Helena Rubinstein: Beauty Is Power
October 31, 2014 - March 22, 2015
This is the first museum exhibition to focus on the cosmetics entrepreneur Helena Rubinstein (1872 – 1965). Rubinstein – as businesswoman and arts patron – helped break down the status quo of taste by blurring the boundaries between commerce, art, fashion, beauty, and design. Her innovative business and style challenged conservative taste and helped usher in a modern notion of beauty, democratized and accessible to all. Beauty Is Power will reunite much of Rubinstein’s famed collection, including modern artworks by Pablo Picasso, Henri Matisse, Elie Nadelman, and Joan Miró, among others, as well as her iconic collection of African and Oceanic sculpture, miniature period rooms, jewelry, and fashion.
WHY GO?  Go to find out more about a powerful female role model who used his wealth to collect great modern art.

Crossing Brooklyn: Art from Bushwick, Bed-Stuy, and Beyond
Brooklyn Museum
October 3, 2014–January 4, 2015
Reflecting the rich creative diversity of Brooklyn, Crossing Brooklyn presents work by thirty-five Brooklyn-based artists or collectives. The exhibition and related programming take place in the galleries and on the grounds of the Museum, as well as off-site in the streets, waterways, and other public spaces of the borough. While acknowledging Brooklyn’s heightened profile, Crossing Brooklyn presents a multigenerational picture that recognizes the borough’s long-established role as a creative center. Other themes explored in the exhibition include history and memory, place and geography, community, nostalgia, exchange, ephemerality, and politics, both local and remote.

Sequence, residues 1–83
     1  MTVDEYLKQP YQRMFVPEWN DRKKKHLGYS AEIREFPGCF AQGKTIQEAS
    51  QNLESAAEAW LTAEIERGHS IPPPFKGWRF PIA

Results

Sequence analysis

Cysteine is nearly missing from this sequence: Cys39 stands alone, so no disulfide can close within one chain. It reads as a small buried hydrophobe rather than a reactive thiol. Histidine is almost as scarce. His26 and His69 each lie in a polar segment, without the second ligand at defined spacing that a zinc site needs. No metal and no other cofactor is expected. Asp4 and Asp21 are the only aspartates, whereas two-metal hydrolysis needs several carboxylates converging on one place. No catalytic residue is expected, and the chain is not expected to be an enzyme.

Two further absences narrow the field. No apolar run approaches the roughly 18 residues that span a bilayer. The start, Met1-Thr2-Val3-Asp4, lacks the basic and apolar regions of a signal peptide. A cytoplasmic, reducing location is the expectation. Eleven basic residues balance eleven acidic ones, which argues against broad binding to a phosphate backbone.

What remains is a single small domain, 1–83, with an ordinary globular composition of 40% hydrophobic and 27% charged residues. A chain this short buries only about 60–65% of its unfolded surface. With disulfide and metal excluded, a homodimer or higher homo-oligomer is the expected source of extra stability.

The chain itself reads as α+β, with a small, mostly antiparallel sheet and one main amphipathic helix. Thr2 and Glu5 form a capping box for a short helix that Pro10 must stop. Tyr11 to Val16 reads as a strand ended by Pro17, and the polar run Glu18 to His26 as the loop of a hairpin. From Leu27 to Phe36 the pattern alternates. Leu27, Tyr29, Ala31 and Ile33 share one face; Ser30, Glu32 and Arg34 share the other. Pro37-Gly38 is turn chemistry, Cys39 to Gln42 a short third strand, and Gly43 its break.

WHY GO?  Brooklyn artists get much respect in this borough-wide exhibition that features new and long-time artists in a giant show together.  Go to see the wide talent and creative expression coming out of Brooklyn.

Also at the Brooklyn Museum:
Judith Scott - October 24, 2014-March 29, 2015